Thursday, May 2, 2013

House versus Condominium




Should one purchase a house or a condominium? The answer might be obvious to most people: all things being equal, a house would be the ideal form of residence because of the several perceived benefits it offers, including (but not limited to):

  • Large growth in equity
  • Room for the children
  • Room to entertain guests
  • Pride of ownership
  • Opportunity to pursue decoration/landscaping/gardening
  • Privacy
  • Social status
  • Control over property
Other people, however, share a different perspective. They evaluate the value of a residence in terms of a different criterion: functionality. By functionality, I mean, it's ability to support one's life purpose. On the basis of functionality, a condo seems to come out as the winner, as it offers several benefits:
  1. It saves time. Little time is required on maintenance (e.g., mowing the lawn, shovelling the snow). Amenities (e.g., grocery stores, libraries, schools, masjids) are often walking distance. Public transit is close and runs frequently, given the dense population, and highways are often close by. Work is often close by.
  2. It saves money. Condos often include free swimming pool and fitness facilities. The convenient access to public transit and close proximity of amenities means less use of a vehicle, which means less gasoline and vehicle maintenance costs. Underground parking also reduces the wear-and-tear of vehicles, which also reduces vehicle maintenance costs.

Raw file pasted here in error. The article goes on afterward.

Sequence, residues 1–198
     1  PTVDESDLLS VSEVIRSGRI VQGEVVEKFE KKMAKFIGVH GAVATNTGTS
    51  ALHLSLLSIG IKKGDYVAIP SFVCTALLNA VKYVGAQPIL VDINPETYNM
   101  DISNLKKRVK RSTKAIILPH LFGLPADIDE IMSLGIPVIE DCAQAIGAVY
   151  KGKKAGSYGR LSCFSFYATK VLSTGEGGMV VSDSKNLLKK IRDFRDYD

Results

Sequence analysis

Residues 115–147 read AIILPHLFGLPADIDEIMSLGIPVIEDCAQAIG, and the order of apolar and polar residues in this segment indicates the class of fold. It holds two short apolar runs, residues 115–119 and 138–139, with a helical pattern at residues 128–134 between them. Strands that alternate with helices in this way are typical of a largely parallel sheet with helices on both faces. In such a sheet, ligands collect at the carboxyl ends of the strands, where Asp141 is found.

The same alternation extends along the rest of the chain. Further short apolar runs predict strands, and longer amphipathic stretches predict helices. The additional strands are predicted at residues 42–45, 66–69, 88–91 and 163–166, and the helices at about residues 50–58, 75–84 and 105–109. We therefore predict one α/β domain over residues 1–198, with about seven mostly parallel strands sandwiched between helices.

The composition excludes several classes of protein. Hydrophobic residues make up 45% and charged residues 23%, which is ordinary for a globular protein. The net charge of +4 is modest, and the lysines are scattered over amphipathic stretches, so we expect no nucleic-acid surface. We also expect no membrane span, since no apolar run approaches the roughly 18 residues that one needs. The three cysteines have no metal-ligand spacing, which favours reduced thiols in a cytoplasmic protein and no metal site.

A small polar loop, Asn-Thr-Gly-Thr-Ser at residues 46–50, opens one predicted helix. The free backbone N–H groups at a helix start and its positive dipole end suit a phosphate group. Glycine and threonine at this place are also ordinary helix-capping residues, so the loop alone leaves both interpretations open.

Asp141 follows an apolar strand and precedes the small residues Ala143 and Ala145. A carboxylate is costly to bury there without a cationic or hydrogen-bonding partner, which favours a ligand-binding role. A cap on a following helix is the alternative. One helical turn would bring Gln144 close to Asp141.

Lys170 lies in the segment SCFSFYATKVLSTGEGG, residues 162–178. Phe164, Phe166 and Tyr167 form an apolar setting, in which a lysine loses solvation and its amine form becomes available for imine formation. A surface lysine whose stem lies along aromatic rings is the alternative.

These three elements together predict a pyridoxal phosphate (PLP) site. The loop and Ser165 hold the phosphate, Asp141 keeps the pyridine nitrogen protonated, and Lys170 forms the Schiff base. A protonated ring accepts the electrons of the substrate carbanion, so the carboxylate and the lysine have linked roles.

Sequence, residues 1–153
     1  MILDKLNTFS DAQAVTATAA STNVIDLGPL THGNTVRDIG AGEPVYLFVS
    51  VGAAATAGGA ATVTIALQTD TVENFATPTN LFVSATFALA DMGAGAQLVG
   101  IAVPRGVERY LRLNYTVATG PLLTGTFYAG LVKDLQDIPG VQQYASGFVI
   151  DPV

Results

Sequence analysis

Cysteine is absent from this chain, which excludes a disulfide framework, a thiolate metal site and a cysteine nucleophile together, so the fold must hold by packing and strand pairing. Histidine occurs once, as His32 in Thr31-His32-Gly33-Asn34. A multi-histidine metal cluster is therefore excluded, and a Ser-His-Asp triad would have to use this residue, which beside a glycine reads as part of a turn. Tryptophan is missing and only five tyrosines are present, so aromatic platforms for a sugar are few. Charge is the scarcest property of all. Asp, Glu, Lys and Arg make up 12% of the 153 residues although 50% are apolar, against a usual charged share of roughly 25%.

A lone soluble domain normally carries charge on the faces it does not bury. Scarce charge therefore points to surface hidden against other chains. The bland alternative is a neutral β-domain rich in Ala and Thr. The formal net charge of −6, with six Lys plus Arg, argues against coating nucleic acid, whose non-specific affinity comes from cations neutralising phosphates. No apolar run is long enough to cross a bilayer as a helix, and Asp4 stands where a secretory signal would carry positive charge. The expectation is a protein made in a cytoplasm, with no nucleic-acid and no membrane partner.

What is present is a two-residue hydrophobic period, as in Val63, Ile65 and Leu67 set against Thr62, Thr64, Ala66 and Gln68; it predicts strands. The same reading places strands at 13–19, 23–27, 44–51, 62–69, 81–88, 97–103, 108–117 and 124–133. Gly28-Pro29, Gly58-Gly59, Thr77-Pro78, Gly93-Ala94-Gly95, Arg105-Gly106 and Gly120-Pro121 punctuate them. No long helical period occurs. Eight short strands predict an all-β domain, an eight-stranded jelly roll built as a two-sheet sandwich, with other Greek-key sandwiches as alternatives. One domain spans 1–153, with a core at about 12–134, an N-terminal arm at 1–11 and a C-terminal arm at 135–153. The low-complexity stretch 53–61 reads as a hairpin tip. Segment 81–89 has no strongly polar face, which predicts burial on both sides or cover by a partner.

3. It reduces stress. There's no worry about bills, since utilities are often included in the maintenance fees. There's no worry about maintenance of the condo's facilities, since the condo management is responsible for them. There's no worry about catching a buses/trains on time, since public transit runs frequently. There's no stress over long, tiresome commutes since work and schools are often close by.
  4. It supports Islamic values. Since masjids/musallahs are more likely to be close by, it is convenient to pray in congregation, and participate in Islamic programs/classes. The less room in condos means less accumulation of worldly possessions, thereby supporting the minimalist lifestyle exemplified by the Prophet . The shared condo's facilities allows greater interaction with neighbours, especially Muslim neighbours, thereby allowing relationships to develop.
  5. It supports a social life, which is valued in Islam. The Prophet said, "The believer is one who is sociable [with others], and there is no good in one who is not sociable [with others] nor in one who is not met sociably [by them] (Mustadrak, Bayhaqī, Shuʿab al-Iman)." Interacting with neighbours, assisting one another, and sharing resources is convenient since everyone is living under the same roof, so to speak. 
These observations are generalizations. Some houses may offer some of the functionalities mentioned above, while some condominiums may lack some of the aforementioned functionalities. Condos also come with some disadvantages, including: reduced privacy, less space, sound problems, lack of barbecue facilities, and wait times for elevators.

Renting versus buying

One debate that is related to the issue of buying a house or a condo is whether one should rent or buy. Purchasing any property, whether a condo or a house, has its privileges as has been mentioned above. However, home ownership also assumes responsibilities of maintenance. Therefore, while owning a home may be cheaper (if the home is not being financed), it may also consume one's time and/or money, and add stress with the maintenance involved.